Today I began a new batch of lager, one I will be calling Procktoberfest II in honor of last years batch. It should be a great looking beer and I can’t wait to enjoy it at my upcoming shindig. But what’s come to my attention is the incredible resurgence of homebrewing in America. Everyone’s neighbor is doing it these days, partly because it’s dirt cheap, fairly easy, and it’s something that you can be proud of (usually) when you’re done. Who doesn’t want to be the homebrewer that everyone knows and loves. Anyone interested in the intricacies can see my older post regarding BEER WARS, as well as my praise of mrbeer.com and their incredibly easy homebrew system. But for those of you who are looking for people who reallllly know their stuff, check out this article I pulled from CNN today…
(CNN) — When it comes to taking spirited vacations, wandering a vineyard falls flat in the face of handcrafted brew. With more than 1,500 breweries across the United States, beer is not just a drink — it’s a destination.
Wooden barrels of beer are just part of the draw at The Lost Abbey Brewery in San Diego, California.
“What’s happened is that the old world has influenced the new world; the U.S. is now a travel destination for beer, [even] for people from outside of the country,” said Julia Herz, craft beer program director at the Brewers Association.
“What’s so great about beer is that you have this range,” said Randy Mosher, author of “Tasting Beer: An Insider’s Guide to the World’s Best Drink.” “It’s from 3 percent alcohol to 20 percent, from super malty to very hoppy, and then you throw in stuff like fruit, spices — you have an enormous range of possibilities.”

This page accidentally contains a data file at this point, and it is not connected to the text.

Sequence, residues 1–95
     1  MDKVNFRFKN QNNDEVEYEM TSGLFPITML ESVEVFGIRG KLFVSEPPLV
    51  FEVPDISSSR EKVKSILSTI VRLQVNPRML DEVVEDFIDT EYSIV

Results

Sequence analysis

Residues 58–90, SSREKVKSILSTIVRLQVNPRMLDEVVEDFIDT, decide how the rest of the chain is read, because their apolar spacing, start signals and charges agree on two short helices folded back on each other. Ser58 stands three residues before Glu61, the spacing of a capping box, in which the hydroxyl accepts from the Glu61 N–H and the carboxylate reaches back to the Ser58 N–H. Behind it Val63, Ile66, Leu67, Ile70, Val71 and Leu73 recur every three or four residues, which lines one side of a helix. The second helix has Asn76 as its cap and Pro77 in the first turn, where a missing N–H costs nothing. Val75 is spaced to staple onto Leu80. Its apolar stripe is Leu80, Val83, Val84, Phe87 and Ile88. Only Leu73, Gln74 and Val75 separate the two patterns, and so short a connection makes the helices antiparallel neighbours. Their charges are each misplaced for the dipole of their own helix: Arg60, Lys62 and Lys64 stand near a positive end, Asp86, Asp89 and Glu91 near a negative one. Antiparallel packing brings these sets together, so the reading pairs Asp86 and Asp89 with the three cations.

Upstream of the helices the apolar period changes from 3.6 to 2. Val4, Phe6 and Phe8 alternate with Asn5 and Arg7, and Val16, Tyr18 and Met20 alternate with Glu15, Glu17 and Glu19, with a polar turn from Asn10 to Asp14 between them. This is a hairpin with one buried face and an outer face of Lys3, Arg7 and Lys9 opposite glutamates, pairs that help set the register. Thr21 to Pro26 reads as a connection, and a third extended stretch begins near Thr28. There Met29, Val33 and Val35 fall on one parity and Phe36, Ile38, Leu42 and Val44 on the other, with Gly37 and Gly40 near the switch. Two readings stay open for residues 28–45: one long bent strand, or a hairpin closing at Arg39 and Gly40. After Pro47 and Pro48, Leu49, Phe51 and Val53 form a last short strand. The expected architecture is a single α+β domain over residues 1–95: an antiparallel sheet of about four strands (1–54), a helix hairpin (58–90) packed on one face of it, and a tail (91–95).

With such a wide flavor profile, said Stephen Beaumont, author of “Premium Drinker’s Beer Guide,” beer travel is less about hanging out at the brewery and more about the tasting. In other words, don’t look just for an incredible brewer, but also for an incredible city in which to drink beer.
Although it’s a highly contested question that Herz calls “fodder for late-night philosophical conversations,” there are a few brew towns that these beer aficionados identify as the cream of the hops.
Eat, drink and brew local
If you didn’t know that Portland, Oregon, is synonymous with “Beervana,” then you clearly need an introduction to the beer scene.
“In a lot of ways, [it’s] a very highly developed town for craft beer,” Mosher said.
The city has a reputation for going local, and Portland thoroughly applies that philosophy to brewing.
* Stylish digs along the Oregon coast
* Hawaii-style fun on the mainland
“When you live in Portland, you become entrenched in the whole hops and malts [thing] because you’re living right where it’s being produced,” said Portland resident Angelo De Ieso of beer site Brewpublic.com. Thirty percent of the world’s hops come from the Pacific Northwest and Idaho, De Ieso said.
The other major pull is the “high concentration of breweries,” Beaumont said. “Portland is a fairly small compact area, [but] they’ve got a free transit system, and they’ve got brewpubs chockablock.”